Do the B's take a run at Kovalchuk? With the projected cap expected to go up, they'd theoretically have more flexibility money wise.  He'd be a real finisher to put next to David Krejci and a huge asset on the power play.  I also think they have the core leadership to deal with his "eccentric" personality.

And a Star Wars question.....if you could only pick one spin off...boba Fett or obi wan Kenobi?

Thanks

Tim

JH: Thanks, Tim! The Bruins really don’t need any help on the power play at this point. I still think they need a big body that can finish around the net and bring some brute strength able to fight through big D-men groups like they had in Tampa Bay. Kovalchuk really isn’t that guy. I’d be more interested in the right-wing version of James van Riemsdyk, a big body that’s willing to camp in front of the net and mix it up for blue-collar offense. Or perhaps they just bring in JVR and then swing young left wing Jake DeBrusk into a right winger and see if it’s possible. Or move DeBrusk to the third line and swing Danton Heinen into a second-line right-winger with David Krejci. There are plenty of possibilities there if they want to open up the purse strings for JVR, who is five years younger than Kovalchuk.

Give me the Obi-Wan Kenobi spinoff movie, and have it connect some of the dots from the ‘Solo: A Star Wars Story” movie that I saw this week, that I liked very much and that is opening things up for a few more movies beyond it. Don’t listen to the naysayers or all of the reports about turmoil on the set of this movie, it’s actually pretty good.  

Hi Joe,

What will the B's have to give up to get Wayne Simmonds from Philly?

--Matt Latsis, via Facebook message 

JH: Hi Matt. What if it was going to cost you Krug and a second-round pick? How about Danton Heinen and Jakob Zboril? Would you do it? I’m not even certain either one of those things would get it done for Simmonds, but it would cost plenty given that there’s a full season left under contract before the Flyers power forward would get to free agency. It would take quite a bit to get him, but he’s exactly the kind of player the Bruins could use on that second line. I say all that despite the fact that he was a disappointment for the Flyers in the playoffs this season after putting up a minus-16 with 24 goals in the regular season. He’s also 29 and entering that stage where big-bodied players sometimes tend to break down, so there’s that to think about if you planned on giving up a lot for him and then wanted to sign him to a long-term contract. All that being said, if I had a chance to get Simmonds for the next few years, I would be very tempted to do it.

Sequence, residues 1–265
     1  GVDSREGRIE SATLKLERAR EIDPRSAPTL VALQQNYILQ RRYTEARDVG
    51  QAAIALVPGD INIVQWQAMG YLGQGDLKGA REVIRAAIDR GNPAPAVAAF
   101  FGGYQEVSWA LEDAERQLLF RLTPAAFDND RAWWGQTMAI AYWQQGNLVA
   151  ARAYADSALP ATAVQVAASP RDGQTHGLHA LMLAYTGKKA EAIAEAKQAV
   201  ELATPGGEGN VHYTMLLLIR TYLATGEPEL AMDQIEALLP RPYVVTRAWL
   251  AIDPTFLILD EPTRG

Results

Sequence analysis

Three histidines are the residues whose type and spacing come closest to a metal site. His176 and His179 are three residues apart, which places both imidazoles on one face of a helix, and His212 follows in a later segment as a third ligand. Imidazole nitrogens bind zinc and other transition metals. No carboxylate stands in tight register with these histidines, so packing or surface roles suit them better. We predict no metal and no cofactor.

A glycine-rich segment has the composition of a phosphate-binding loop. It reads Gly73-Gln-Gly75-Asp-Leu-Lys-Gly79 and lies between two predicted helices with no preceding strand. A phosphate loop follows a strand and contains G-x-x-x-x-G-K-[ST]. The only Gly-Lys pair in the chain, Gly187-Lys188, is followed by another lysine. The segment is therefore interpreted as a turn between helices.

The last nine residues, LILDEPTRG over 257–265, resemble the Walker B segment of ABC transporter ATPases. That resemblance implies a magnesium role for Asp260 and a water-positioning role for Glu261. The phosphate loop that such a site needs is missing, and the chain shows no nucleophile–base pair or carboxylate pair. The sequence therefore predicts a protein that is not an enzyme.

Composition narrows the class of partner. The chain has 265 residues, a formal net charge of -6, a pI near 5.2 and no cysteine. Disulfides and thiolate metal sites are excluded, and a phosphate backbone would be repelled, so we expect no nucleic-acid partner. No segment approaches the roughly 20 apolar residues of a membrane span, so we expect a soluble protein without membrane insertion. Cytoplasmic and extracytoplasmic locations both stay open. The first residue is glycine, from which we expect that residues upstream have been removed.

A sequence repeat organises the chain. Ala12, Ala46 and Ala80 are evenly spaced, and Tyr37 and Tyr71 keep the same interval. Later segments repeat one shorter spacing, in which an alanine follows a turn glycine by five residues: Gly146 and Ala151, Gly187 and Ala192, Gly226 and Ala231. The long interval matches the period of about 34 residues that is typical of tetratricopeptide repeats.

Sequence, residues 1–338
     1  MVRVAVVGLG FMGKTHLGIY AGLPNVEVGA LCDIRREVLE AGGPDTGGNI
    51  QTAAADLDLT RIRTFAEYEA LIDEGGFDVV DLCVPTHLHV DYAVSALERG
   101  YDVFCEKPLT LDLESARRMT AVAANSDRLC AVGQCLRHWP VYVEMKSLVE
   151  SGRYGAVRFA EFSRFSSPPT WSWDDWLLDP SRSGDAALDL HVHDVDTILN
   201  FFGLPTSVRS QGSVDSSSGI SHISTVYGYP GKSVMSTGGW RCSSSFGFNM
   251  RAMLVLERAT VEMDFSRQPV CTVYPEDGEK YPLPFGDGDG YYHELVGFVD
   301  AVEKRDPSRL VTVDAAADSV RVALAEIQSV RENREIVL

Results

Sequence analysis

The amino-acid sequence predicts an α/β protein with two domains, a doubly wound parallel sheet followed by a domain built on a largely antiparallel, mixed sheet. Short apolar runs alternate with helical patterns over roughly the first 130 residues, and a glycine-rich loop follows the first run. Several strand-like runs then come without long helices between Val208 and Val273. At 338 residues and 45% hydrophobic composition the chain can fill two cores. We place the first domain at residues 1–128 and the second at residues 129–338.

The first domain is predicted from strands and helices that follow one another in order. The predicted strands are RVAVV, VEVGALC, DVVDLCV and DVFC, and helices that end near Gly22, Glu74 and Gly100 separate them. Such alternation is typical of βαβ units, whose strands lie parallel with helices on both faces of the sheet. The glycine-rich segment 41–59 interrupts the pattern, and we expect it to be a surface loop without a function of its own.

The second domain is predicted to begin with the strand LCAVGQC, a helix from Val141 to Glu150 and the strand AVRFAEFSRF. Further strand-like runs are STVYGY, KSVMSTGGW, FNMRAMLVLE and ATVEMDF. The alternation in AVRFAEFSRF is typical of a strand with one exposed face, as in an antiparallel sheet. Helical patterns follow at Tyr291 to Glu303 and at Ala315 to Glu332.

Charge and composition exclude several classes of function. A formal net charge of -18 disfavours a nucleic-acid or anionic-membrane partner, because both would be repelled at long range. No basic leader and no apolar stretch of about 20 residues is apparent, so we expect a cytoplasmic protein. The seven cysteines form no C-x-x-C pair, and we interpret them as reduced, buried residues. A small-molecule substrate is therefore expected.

I don't want PK @PKSubban1 in a Bruins uniform. I NEED him in a Bruins uniform. #beaut

--Richie Murray (@Richie_Murray)

JH: Duly noted, Richie. He has been spending a lot of time in the Boston area lately, so all they would have to do is give up a boatload to Nashville to make it happen. It would be fun to see him on the Bruins, but you also have to wonder why you’re seeing rumblings of the Predators moving on from him after Montreal shipped him out a couple of years ago. There are some warning signs there with a high-profile player being dealt twice, even if by all accounts, Subban is the model modern professional athlete. He’s also a right shot D-man, and the Bruins have their top pairing right-shot D-man for the next decade in  McAvoy, who they will have to pay after next season. So, I’d probably have to pass on a guy making $9 million a year for the next four seasons. Can you imagine if the Bruins traded for Subban and he immediately became the highest-paid guys on the Bruins roster? I wonder how that would go over with guys that battled against him for years when he was a member of the Canadiens. My guess is not too well.  

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Canadiens in the playoffs? Tony Marinaro calls that 'the stupidest thing I've ever heard'

Canadiens in the playoffs? Tony Marinaro calls that 'the stupidest thing I've ever heard'